Quit Your Media Job Today: A Freelancing Endorsement

Luke O'Neil, at work in his office
On Friday afternoon I got a frustrated message from a fellow music writer. AOL Music, she said, was closing down. Soon thereafter employees of the media property, including Spinner editor Dan Reilly confirmed the news. "Well, we all just got laid off," he Tweeted. "AOL Music is finished."

My first reaction, which is, sadly, a common one for all of us in the media of late, was "Oh, great, another one bites the dust." That was followed by a note of sympathy for my friends and colleagues employed by the various AOL music sites. We could spend a lot of time pouring one out for our lost publications lately, that is if any of us had money to pay for the beer in the first place. A similar scenario played out a couple months ago when the Boston Phoenix, the venerable alt-weekly that I had written for for years, shuttered. In a big picture sense, the city itself was rendered poorer the instant it closed down. In another sense, all of my friends there were rendered literally poorer.

See also: Advice For Aspiring Music Writers: Quit Now

Around the time of the Phoenix's closing I was party to some of the outcropping of sympathy, with colleagues in the industry checking up on me to see if I'd be alright, money-wise. Sure, it was a little blow, I would say, but it's the full time staff I was really worried about. I'd emerge relatively unscathed ultimately, and many of my fine colleagues have already landed on their feet elsewhere, but that wasn't a fluke on my end, it was a vocational fail-safe mechanism cultivated by design for just this increasingly likely outcome. A freelancer by its very nature is a hydra-like beast, or a system of disconnected terrorist cells -- cut off one head and the other lives on; in fact another one grows back quickly in its place. I couldn't imagine working any other way.

The life of the freelancer is often regarded with skepticism by more traditional job-oriented media professionals. "Isn't it scary out there, drifting unanchored to anything stable?," my desk job-having friends have always asked over the years. As a matter of fact, it's the exact opposite. In the current media jobs climate, it seems a lot less responsible to me to put all your word eggs in one publication basket, especially since all of the baskets are going out of business.

But stereotypes about the life of the freelancer persist. A recent Fast Company piece outlined the ideas behind Why Freelancers Are So Depressed. Among them include feelings of confusion over who you're actually working for. For a certain independent-minded worker, that's exactly the appeal. Frustrated with the demands you're getting from one editor? Don't take their assignment that week. How many people at traditional jobs know the pure joy of saying "No" to work? You know the old saying about football: if you have more than one quarterback you don't really have any? It's the same for bosses when you're a freelancer.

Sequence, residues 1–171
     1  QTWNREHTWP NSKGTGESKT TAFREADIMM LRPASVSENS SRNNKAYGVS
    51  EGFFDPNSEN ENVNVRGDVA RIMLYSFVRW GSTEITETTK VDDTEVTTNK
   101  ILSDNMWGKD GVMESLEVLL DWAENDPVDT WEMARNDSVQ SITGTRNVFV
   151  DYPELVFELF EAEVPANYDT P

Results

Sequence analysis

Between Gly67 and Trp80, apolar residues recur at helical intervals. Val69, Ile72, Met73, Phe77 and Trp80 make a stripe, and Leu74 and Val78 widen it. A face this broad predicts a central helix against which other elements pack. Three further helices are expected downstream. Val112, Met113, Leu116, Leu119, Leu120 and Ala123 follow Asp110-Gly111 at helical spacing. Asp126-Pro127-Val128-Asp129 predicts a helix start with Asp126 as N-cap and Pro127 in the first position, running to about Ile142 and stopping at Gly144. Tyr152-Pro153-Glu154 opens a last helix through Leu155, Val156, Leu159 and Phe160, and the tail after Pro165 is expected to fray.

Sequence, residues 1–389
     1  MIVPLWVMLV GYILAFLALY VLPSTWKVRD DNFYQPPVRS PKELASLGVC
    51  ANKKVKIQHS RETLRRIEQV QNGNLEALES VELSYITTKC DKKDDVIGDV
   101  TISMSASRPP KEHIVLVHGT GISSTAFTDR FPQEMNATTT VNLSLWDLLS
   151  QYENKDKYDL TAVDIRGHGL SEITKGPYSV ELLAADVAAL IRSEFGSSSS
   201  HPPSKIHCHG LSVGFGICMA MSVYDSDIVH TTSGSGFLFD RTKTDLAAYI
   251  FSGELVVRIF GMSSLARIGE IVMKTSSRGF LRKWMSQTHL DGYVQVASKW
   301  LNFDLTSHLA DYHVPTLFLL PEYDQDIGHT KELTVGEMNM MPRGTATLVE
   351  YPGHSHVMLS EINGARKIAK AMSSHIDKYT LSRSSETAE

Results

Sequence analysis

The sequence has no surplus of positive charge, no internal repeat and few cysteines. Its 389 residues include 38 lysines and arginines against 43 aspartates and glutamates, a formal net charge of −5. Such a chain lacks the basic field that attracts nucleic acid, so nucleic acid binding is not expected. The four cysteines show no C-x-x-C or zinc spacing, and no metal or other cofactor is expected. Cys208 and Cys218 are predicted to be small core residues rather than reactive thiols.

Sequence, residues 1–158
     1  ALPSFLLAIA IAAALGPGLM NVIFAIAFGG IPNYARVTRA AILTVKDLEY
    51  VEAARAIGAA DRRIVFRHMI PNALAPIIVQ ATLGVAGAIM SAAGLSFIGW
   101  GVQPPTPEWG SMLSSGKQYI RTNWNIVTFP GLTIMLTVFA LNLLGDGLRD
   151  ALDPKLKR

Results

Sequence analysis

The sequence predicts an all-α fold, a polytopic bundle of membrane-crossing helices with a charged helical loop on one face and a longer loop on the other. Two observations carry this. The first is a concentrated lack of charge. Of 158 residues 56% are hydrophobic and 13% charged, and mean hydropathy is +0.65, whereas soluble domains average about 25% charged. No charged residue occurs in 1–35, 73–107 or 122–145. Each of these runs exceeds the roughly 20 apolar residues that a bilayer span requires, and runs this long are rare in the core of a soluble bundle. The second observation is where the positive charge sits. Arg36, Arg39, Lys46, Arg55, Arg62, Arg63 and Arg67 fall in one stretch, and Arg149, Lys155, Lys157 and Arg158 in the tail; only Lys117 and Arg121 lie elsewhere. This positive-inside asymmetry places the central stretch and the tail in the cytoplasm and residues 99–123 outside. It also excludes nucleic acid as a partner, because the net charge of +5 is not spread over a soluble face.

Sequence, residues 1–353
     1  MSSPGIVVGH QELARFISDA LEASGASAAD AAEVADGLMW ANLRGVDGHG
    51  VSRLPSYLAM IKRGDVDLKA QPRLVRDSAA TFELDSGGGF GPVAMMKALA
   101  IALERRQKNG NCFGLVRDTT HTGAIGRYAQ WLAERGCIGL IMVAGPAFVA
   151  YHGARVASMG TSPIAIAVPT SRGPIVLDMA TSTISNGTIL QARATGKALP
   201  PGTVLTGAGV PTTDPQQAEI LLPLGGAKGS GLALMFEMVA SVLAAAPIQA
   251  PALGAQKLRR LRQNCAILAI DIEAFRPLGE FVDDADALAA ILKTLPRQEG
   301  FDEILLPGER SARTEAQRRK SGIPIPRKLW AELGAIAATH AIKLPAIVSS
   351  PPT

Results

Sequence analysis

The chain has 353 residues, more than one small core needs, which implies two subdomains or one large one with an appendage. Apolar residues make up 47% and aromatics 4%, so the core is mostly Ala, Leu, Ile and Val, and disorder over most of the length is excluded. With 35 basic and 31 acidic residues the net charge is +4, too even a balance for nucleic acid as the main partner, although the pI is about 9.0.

The Fast Company piece goes on to outline other typical fears about the freelance life: the work/home blur and social isolation among them. While I'll admit there's a certain something lost by not, you know, actually seeing any human faces for eight hour stretches a day while you're at home, there's also this: not having to see any human faces for eight hour stretches a day while you're at home. I'd list off a few of the common grievances that most people face in the office environment, but I don't even know what they are anymore. Do people still complain about the fax machine not working all day and not clean out the refrigerator?

It's been about 10 years since I last had an office job; it was an editing gig, where I lasted for about 3 days, and ended when a group of new co-workers came over to explain excitedly that there was pizza in the break room. I just can't sit here in a place every day and watch people get excited about pizza in the break room, I thought, and promptly walked out. You know why people get so excited about pizza at the office? Because they're such miserable, soul-crushing places that literally any bright spot dulls the oppressive weight. When you work from home the entire world is your break room.

Admittedly there are problems chasing down payment from time to time, but if you properly diversify your working portfolio, you can spread out the risk. That's one of the most basic tenets of investment strategy, so why wouldn't it make sense to do the same with your actual source of income? At least I think it is, I'm a freelancer so I've never had a 401k.

See also: Advice For Aspiring Music Writers: Don't Quit, Just Don't Suck

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